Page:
Koholint Island in Link’s Awakening is unlike any other place we’ve seen in the series. It exists in a dream world, thus in an entirely abstract setting – a fantasy within the broader Hyrule Fantasy, one might say. But more interestingly than that, it takes place in Link’s own dreams, thus inside Link’s mind, giving us a unique perspective into a character that Nintendo traditionally distances from his audience.
It’s not 100% canonical fact that Koholint Island is a manifestation of Link’s psyche by any means, but considering that so many of its characters seem to be twisted representations of familiar faces from previous adventures and its locales carbon copies of places in Hyrule – from Mabe Village to Kanalet Castle to the Tal Tal Mountains – I’m firmly convinced that the theory is true. With this idea as the starting point, how then can we interpret Link’s Awakening as a reflection of Link himself?
Through you fulfilled the Hyrulian prophecy of the Legendary Hero and destroyed the evil tyrant Ganon, the land of Hyrule enjoyed only a precarious peace… Ever vigilant, you decided to journey away from Hyrule on a quest for enlightenment, in search of wisdom that would make you better able to withstand the next threat to your homeland.
Interesting that even though Link has conquered the Embodiment of All Evil, he still recognizes that he requires further training and experience in order to conquer future threats. More intriguing still, this plotline is never fully explored – we know nothing about his training in the foreign lands he visits, and this incarnation of the hero never again confronts any enemy of Hyrule after his journey (that we know of).
As we will see, the “journey of enlightenment” is the crux of the story, and encompasses more than Link’s adventures to these other countries – the true enlightenment arises from his experiences on Koholint Island, and the resultant growth. Whereas before the heroic quest was an epic struggle against an outside evil, Link’s Awakening turns towards the interior.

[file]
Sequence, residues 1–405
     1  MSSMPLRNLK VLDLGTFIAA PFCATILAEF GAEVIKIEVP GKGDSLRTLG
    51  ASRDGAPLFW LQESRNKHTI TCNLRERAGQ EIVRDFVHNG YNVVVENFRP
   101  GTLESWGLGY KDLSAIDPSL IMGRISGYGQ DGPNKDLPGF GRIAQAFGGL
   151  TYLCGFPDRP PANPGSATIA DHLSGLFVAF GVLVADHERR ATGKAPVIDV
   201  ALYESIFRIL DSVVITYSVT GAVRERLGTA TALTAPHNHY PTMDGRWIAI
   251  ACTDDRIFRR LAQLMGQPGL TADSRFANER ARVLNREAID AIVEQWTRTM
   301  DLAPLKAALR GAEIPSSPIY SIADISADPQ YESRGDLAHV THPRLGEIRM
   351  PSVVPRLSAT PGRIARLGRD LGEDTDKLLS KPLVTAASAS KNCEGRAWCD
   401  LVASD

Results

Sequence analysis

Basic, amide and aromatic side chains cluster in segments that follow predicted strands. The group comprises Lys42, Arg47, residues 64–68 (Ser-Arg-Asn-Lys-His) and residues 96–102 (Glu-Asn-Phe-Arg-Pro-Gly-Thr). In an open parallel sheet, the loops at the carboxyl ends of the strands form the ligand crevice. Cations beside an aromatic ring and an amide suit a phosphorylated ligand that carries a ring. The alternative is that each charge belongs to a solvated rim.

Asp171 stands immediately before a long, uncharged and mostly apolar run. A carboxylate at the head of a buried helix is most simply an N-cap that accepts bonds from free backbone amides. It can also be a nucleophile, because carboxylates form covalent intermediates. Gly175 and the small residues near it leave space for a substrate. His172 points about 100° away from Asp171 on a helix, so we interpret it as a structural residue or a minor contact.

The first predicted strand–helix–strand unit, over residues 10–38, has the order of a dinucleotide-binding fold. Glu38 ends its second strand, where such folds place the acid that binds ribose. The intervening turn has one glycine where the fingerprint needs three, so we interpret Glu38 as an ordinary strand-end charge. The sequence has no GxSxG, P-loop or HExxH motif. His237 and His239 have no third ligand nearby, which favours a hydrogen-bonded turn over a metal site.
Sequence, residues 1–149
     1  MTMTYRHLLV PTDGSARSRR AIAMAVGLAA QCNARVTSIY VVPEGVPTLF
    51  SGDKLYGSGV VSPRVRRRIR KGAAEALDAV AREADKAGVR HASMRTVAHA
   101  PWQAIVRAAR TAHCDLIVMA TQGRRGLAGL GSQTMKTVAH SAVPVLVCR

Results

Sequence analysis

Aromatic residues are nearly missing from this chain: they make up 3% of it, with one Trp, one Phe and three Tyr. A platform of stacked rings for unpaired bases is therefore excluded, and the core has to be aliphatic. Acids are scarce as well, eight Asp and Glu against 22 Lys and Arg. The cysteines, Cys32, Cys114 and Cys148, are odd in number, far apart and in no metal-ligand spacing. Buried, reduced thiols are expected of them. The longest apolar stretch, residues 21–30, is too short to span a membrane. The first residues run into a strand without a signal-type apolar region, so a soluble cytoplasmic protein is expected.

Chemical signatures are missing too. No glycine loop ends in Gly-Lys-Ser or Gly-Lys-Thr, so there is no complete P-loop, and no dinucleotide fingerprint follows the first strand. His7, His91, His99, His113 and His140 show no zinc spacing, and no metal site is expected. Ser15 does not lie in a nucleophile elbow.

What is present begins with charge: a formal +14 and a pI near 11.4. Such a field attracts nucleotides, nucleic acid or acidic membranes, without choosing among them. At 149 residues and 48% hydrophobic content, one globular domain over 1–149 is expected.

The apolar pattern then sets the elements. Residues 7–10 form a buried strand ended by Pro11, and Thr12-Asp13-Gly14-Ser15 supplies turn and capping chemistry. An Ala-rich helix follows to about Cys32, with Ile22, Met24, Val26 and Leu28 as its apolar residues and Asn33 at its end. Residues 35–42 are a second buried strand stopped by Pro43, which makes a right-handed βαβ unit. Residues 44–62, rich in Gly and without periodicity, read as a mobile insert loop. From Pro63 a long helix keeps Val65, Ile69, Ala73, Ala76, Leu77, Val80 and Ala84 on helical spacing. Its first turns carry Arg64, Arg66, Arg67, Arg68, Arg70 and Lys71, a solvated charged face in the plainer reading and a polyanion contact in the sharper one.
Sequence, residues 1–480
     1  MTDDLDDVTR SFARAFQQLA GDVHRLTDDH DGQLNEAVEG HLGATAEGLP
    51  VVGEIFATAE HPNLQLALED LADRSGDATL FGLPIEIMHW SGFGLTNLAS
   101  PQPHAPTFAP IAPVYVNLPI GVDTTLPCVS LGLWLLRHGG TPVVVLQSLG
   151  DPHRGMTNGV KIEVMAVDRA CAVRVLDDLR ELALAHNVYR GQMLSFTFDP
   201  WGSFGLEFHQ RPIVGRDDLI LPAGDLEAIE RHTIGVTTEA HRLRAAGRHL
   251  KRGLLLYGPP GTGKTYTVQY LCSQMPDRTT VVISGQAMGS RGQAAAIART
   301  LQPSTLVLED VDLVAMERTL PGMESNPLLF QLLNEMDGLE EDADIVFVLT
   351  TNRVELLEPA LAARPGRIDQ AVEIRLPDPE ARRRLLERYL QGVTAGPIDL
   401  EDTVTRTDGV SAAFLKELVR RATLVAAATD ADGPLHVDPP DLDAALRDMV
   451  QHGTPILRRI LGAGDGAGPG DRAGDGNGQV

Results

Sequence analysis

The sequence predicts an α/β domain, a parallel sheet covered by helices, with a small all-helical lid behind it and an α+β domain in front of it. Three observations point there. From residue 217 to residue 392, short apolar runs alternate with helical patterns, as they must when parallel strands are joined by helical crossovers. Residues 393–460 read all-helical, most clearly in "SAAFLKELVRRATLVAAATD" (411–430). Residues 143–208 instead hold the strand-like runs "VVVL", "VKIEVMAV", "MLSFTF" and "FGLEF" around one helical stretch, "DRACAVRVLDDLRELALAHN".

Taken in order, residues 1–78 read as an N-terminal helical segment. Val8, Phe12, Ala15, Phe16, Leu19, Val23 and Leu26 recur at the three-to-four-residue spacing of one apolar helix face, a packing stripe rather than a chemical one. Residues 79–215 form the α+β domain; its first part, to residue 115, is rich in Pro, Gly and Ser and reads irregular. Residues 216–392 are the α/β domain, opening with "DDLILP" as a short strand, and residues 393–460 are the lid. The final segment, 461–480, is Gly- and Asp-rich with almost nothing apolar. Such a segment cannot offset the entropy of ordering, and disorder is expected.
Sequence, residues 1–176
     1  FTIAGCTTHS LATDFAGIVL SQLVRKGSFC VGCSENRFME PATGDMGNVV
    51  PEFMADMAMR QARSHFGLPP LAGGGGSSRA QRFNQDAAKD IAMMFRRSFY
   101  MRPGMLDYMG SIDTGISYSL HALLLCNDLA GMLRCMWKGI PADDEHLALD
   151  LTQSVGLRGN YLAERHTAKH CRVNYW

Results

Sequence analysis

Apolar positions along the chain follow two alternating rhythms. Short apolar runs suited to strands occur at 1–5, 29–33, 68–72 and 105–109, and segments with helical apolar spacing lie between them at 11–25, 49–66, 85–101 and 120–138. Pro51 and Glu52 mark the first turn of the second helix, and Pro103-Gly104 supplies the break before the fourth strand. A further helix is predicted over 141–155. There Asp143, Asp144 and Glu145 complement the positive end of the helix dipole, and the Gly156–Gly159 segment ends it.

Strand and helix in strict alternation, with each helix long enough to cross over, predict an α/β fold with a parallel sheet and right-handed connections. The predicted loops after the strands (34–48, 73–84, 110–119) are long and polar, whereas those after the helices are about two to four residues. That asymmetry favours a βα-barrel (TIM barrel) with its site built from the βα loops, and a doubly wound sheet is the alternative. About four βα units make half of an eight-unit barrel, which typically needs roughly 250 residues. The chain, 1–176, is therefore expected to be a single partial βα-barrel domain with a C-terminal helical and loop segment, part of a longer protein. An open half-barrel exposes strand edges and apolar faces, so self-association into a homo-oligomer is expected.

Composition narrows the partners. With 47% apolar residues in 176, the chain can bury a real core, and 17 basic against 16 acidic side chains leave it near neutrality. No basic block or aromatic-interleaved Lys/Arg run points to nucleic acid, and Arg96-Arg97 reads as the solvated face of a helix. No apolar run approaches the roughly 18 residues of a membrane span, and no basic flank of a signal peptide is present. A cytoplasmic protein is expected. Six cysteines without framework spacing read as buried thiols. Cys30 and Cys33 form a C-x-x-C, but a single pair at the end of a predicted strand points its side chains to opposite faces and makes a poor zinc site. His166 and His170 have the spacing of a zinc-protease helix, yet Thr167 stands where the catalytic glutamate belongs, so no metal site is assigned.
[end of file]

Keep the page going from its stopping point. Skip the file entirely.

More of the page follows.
One might ask, “But what could a hero worthy of the Triforce possibly have to grapple with within himself?” Remember, though, that in A Link to the Past Link was but a child. The deuterocanonical Ancient Stone Tablets posits that by the time of Link’s Awakening six years have passed, and in that time Link would have passed from early childhood into mid-or-late-adolescence. Just as The Adventure of Link presented new challenges for Link as he grew older, so too does Link’s Awakening further temper his mettle as the hero. Instead of serving as a trial of ascendancy within a nation in chaos, however, Koholint Island represents an encounter with the disorder of inmost self.
What a relief! I thought you’d never wake up! You were tossing and turning… What? Zelda? No, my name’s Marin! You must still be feeling a little woozy. You are on Koholint Island!
From the get-go, Link finds himself trapped in a world of similarities. He wakes up from a troubled sleep to the sound of a young woman’s voice – an scene borrowed straight from A Link to the Past. To top things off, the girl in question is a picture-perfect double of Princess Zelda, and her father resembles Link’s uncle in much the same way. We can tell immediately that something significant is at work, here.
As soon as Link tries to leave the house, Tarin stops him, saying:
Well, Link, ya finally snapped out of it… Name’s Tarin… Hope yer feelin’ better… What? How did I know your name? You think it’s weird, eh? Well, I saw it on back of this shield!
In this world of half-familiarities, the first untarnished element we encounter from Link’s waking world is his name, engraved on his trusty shield. That such a clear memory – his shield – manages to surface in the midst of such an uncertain place serves as subtle foreshadowing of the nature of Link’s connection to Koholint. We see that while the island mimics the world he knows, he is somehow a foreigner. He is a reflection of his real self, not a natural denizen of this weird world.
Once he leaves the warmth and hospitality of Marin and Tarin’s house, he finds himself in Mabe Village, the spitting image of his own Kakariko, complete with a Flying Rooster monument in the town’s square. We don’t really get many glimpses into his thoughts over the course of the story, but I imagine him starting to realize that maybe these resemblances are more than just coincidence, and he has walked into a mirror world much like the Dark World of A Link to the Past. Unlike the Dark World, however, which symbolized the darker side of humanity, Koholint represents Link’s own internal state.